5. SAFFLOWER is a thistle-like plant. The oil is extracted from the seeds. It is one of the oldest crops known to man and has been used as a red and yellow dye for centuries. The flowers are sometimes used as a substitute for Saffron. A high-oleic version is available, which tends to have a longer shelf life. The one soaped for this experiment was the cheaper and more common high-linoleic version.

Chemical Composition:
Palmitic: 2%
Oleic: 15%
Linoleic: 75%

SOAPCALC assigns these numbers to Saponified Safflower Oil:
SAP Value: 0.137
Hardness: 7
Cleansing: 0
Conditioning: 90
Bubbly Lather: 0
Creamy Lather: 7
Iodine: 145
INS: 47

WHAT DO THOSE NUMBERS EQUATE TO IN SOAP?:  Safflower Oil will render a soft conditioning soap.

MY RESULTS:  Safflower was soaped at 75* and the lye at 110* and took 4 minutes and 30 seconds to trace. It began separating in the mold, but I was able to hand stir it back to emulsion...which tells me it could have used longer than 4.5 minutes of stirring to reach a true solid trace. It was tongue neutral and unmolded in 24 hours, producing a surprisingly hard close to white bar. It's lather was very slimy and hard to rinse off, and had lots of tiny bubbles, It pH tested at 11.

 6. SOYBEAN is extracted from the seed of the Glycine Max plant. It has a myriad of uses, but mostly for culinary purposes. Soybean oil is a drying oil, which means that it will slowly harden upon exposure to air, forming a flexible, transparent, and waterproof solid. It is used to make ink and paints.

Chemical Composition:
Palmitic: 11%
Stearic: 5%
Oleic: 24%
Linoleic: 50%
Linolenic: 8%

SOAPCALC assigns these numbers to Saponified Soybean Oil:
SAP Value: 0.136
Hardness: 16
Cleansing: 0
Conditioning: 82
Bubbly Lather: 0
Creamy Lather: 16
Iodine: 131
INS: 61

MY RESULTS:  Soybean oil was soaped at 75* with the lye at 110*. It traced in 2 minutes, though separated in the mold. I was able to bring it back to emulsion by hand stirring in the mold. It took a full 5 days to unmold and test tongue neutral.The bar is off white in color and just hard enough to not leave dents in when pressed with a finger. It produced tons of lather and left my skin soft. It pH tested at 9.

7. AVOCADO is derived from the fruit of the Persea Gratissima tree. It is high in Vitamin A, E and D, as well as chlorophyll. It is similar to Olive Oil in chemical composition and uses. Virgin Avocado Oil is very green, as opposed to Refined Avocado Oil, which is more of a pale yellow color. If stored properly, it has a shelf life of about one year.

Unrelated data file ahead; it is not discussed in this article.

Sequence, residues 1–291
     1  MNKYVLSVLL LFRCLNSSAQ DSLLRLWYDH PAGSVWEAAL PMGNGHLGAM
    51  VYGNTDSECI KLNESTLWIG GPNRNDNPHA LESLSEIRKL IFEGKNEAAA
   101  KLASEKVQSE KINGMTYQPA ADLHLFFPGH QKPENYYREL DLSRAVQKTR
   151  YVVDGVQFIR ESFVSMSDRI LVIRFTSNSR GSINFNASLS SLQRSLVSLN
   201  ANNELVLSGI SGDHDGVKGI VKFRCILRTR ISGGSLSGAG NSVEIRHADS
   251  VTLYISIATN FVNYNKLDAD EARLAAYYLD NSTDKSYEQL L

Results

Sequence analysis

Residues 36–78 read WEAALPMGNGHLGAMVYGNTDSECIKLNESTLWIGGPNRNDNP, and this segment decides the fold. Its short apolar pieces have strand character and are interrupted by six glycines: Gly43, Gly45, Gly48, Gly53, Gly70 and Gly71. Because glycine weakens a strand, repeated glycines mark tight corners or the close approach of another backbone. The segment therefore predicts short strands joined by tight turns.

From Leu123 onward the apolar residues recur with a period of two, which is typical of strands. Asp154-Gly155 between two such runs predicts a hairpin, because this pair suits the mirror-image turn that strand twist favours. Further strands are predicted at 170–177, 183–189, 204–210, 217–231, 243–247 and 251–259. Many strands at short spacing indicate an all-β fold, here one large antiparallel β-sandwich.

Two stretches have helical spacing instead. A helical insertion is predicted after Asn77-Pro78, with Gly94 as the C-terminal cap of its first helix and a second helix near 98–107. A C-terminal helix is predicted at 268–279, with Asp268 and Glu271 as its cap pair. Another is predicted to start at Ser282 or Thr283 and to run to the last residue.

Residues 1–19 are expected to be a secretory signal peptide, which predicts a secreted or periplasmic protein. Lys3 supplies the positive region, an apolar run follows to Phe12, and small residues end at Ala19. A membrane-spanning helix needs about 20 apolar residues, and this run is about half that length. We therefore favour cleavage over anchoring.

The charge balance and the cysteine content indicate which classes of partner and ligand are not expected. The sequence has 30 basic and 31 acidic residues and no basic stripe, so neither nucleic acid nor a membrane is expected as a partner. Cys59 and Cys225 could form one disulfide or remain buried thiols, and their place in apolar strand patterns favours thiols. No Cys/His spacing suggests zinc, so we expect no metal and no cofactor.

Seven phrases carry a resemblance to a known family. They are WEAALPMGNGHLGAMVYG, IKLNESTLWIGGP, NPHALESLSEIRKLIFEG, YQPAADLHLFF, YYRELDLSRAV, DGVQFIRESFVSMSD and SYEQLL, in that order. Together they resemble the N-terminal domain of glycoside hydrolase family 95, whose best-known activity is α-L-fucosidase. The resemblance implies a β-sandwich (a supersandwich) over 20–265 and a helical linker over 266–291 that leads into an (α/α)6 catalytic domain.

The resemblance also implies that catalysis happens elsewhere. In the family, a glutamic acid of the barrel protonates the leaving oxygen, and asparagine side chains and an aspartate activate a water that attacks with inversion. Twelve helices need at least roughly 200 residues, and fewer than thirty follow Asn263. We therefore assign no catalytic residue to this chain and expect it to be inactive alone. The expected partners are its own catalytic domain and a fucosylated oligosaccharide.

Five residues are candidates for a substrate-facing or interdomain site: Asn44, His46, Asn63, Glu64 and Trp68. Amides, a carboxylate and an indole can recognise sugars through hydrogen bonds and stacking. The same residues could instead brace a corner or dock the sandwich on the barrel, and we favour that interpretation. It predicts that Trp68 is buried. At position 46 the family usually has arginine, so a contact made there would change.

Chemical Composition:
Palmitic: 20%
Stearic: 2%
Oleic: 58%
Linoleic: 12%

SOAPCALC assigns these numbers to Saponified Avocado Oil:
SAP Value: 0.133
Hardness: 22
Cleansing: 0
Conditioning: 70
Bubbly Lather: 0
Creamy Lather: 22
Iodine: 86
INS: 99

WHAT DO THOSE NUMBERS EQUATE TO IN SOAP?:  Avocado Oil adds conditioning properties and a creamy lather to your soap. It will produce a soft soap with mild cleansing properties.

NONSOAPY FACTS:  Avocado Oil is mainly used for culinary and cosmetic uses. It has moisturizing and regenerative properties. It is also used as a lubricant.

MY RESULTS: Avocado oil was soaped at 75* with lye at 100*. It reached trace in 2 minutes, though it separated in the mold and was able to be stirred back to emulsion by hand. It was unmolded and tongue neutral in 24 hours.It is a slightly off white bar with dense foam like lather - a little hard to remove, but left my skin feeling very smooth, soft, and supple.

8. PALM is derived from the pulp from the fruit of the Elaeis Guineensis tree. It has a high Beta-Carotene content, lending to its natural reddish color. It is commonly referred to as “Vegetable Tallow”. Refined, bleached, and deodorized Palm Oil (RBD) is used more often in soap, as it renders a whiter bar with no detectable odor. Approximately 3% of the world’s Palm Oil use is in the soapmaking and cosmetic industry, though it’s use may be on the decline due to environmental issues ( Palm Oil is the base ingredient in Sunlight and Palmolive dish soaps. It is very heat stable with a long shelf life, as it is slow to oxidize.

Chemical Composition:
Palmitic: 44%
Stearic: 5%
Myristic: 1%
Oleic: 39%
Linoleic: 10%

SOAPCALC assigns these numbers to Saponified Palm Oil (Sodium Palmate):
SAP Value: 0.142
Hardness: 50
Cleansing: 1
Conditioning: 49
Bubbly Lather: 1
Creamy Lather: 49
Iodine: 53
INS: 145

WHAT DO THOSE NUMBERS EQUATE TO IN SOAP?:  Palm Oil produces a very hard white bar of soap that is mildly cleansing and very conditioning with a creamy lather.

NONSOAPY FACTS:  Palm oil is a staple cooking oil in Africa, South Asia, and Brazil. It is also used in many processed foods due to its lower cost and shelf-life stability. It was used with Naphtha to create Napalm, used during World War II as an incendiary device. It is used to create biodiesel fuel.

MY RESULTS: Palm oil was soaped at 100* with the lye at 120*, and traced in 2 minutes. It was unmolded and tongue neutral in 24 hours. It produced a very hard white bar. The lather was nonexistent and left a waxy feeling on my skin after rinsing. It had a very slight odor. It pH tested at 9.